Friday, 8:30 a.m. to 1:30 p.m.

Council retail staff are happy to take orders by phone and have them ready for pick up during office hours, or customers may request that the package is mailed. Online shopping continues to be an option.

Please email if you have any questions.

Sunday, August 20, 2017

A Visit to Camp Apasus

If you keep your eyes open long enough, you can see a lot in just a few minutes.  Today I had the honor of taking a few photographs at my daughter’s Girl Scout camp, Camp Apasus. I drove through the cemetery where two of my great grandmothers are buried, and I walked into the camp with my daughter. I saw a lot in those short moments.

I saw dozens of girls wearing shirts with printed expressions like “smart girl” and “kind is cool.” I saw girls running with reckless abandon – jump roping and hula hooping.  I saw some girls who could jump rope while doing twists.  I saw some girls who couldn’t yet jump rope.  I saw the girls who excelled at jump roping encouraging their sisters who couldn’t jump rope well with tips like “keep your head up” and “pick up your feet next time.” No competition. No embarrassment.  Just genuine encouraging and supporting each other.

I saw two girls cry after having a disagreement as a strong counselor calmed them down and helped them through the disagreement.  I then saw them hula hoop off together again, the dispute quickly forgotten.

I saw girls with different hair, build, color and age come together to make pretend boats out of sticks.

I saw a team of outstanding strong young women leading these girls. These young women have their priorities straight, and they lead these young Girl Scouts by example.

I saw the girls line up for the raising of the Colors, and then they reverently raised the flag earned by a deceased veteran.  I saw the girls remove their ball caps and cover their heart with their hands as they pledged allegiance to the flag of the United States of America.  They watched the flag with wonder and respect.

I was only at the camp for about 15 minutes, and I saw ALL of this.  I left there with a full heart, for I know these young girls and young women are going to be okay.  I know that just this one week at Camp Apasus is going to make a difference in all their amazing long lives. This camp is made of the stuff that they will look back on in 20 or 30 years and remember - remember the fun, the freedom, the friendships, the go-getting, the risk-taking, and the leading that they learned how to do.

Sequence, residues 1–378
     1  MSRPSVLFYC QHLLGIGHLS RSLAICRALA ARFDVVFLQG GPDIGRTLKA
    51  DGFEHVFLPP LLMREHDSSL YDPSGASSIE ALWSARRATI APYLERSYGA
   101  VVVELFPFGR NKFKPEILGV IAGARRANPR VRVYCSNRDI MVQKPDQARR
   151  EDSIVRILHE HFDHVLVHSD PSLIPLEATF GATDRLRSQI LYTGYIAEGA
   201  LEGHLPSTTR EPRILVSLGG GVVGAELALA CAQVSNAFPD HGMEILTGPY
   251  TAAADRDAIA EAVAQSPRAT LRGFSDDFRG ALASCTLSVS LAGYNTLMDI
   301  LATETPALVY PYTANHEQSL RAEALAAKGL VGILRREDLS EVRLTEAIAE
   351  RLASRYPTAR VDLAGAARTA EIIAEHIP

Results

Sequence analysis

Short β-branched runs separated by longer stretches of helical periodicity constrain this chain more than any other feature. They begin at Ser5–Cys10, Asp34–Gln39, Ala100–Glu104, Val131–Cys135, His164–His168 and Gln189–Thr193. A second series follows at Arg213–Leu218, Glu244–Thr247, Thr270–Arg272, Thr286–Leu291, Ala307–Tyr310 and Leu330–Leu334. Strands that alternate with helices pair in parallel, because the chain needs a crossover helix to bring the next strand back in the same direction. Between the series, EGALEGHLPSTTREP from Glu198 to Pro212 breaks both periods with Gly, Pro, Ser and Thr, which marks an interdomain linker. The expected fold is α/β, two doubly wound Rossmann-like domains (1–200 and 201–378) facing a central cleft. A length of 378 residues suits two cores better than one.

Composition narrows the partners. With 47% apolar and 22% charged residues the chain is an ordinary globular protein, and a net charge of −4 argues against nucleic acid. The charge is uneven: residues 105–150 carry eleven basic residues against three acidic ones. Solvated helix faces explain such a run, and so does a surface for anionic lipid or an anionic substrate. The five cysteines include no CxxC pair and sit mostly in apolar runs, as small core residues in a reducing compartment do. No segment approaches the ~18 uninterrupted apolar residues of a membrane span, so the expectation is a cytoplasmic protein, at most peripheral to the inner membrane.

Thank you, Girl Scouts. Thank you for inspiring and encouraging this generation of girls to be who they are.  You’ve done your job here, as you’ve been doing since 1912.  Keep on keepin’ on! 

Yours in Girl Scouting,
Kelly McMahon Willette, Girl Scout Troop Leader and Girl Scout Mom

Tuesday, August 15, 2017

Fall into STEM

Girl Scouts is all about being girl-led, and developing new programs is no exception. That’s why Girl Scouts of the USA surveyed girls to find out which STEM (science, technology, engineering and math) topics they most want to explore. The results weren’t surprising—computer science, engineering, and outdoor STEM landed in the top three!

Last month, Girl Scouts announced the release of a new set of STEM-focused badges and Journeys. Girls can now earn badges while they take part in science activities that they love, from designing race cars to programming robots to coding.

This fall, GSCCC is collaborating with community partners across the region to provide engaging opportunities for girls to explore the world of STEM and discover their interests in seeking challenges and solving problems. Check out these upcoming opportunities:

Science Alive
September 16
Norfolk State University 
Join us for our eighth annual Science Alive! Enjoy hands-on STEM activities in the fields of engineering, chemistry, medicine, biology and physical science led by NSU faculty and students. Spend time on a college campus and meet sorority sisters.

Synthetic Engineering
October 7
The College of William & Mary
What are SynBio and bioengineering? This event will put the science into everyday life. Ever heard of molecular biology? Understanding how scientists are able to work with DNA in the lab will help you explain SynBio. Participating in hands- on activities in a science lab with bioengineers will help you think like a scientist!

Engineering Women
October 14
Old Dominion University
Led by the Hampton Roads Chapter of the Society of Women Engineers (HR-SWE), join us for exciting activities that explore the areas of robotics, electromagnetism, chemistry, hydrodynamics and structural engineering. All-new activities will focus on critical thinking, problem-solving and collaboration. These women engineers are excited to ignite the enthusiasm of tomorrow's engineers, innovators and scientists with a day of fun!

October 21
NauticusJoin us for a fun-filled night at our third annual Nauticus STEAM Night for Girl Scouts! Touch a shark, build and test underwater robotic ROVs and enjoy hands-on activities in our STEAM (science, technology, engineering, arts and math)-themed stations. Meet local professionals in these fields and learn how to make STEAM your career!

These events are open to all girls, whether or not they are currently members of Girl Scouts. 

Monday, August 14, 2017

Meeting with Representative Scott

Camille, Representative Scott, Tracy Keller
Girl Scout Ambassador Camille from Hampton, accompanied Girl Scouts of the Colonial Coast CEO Tracy Keller on a visit with Representative Bobby Scott on Monday, August 7. Camille had an opportunity to share information about her Girl Scout Gold Award project with the congressman, a project she completed last spring. Through her project, Camille aimed to create a safe space for the children at the HER Shelter to learn about music in a group setting and help them boost their self-esteem.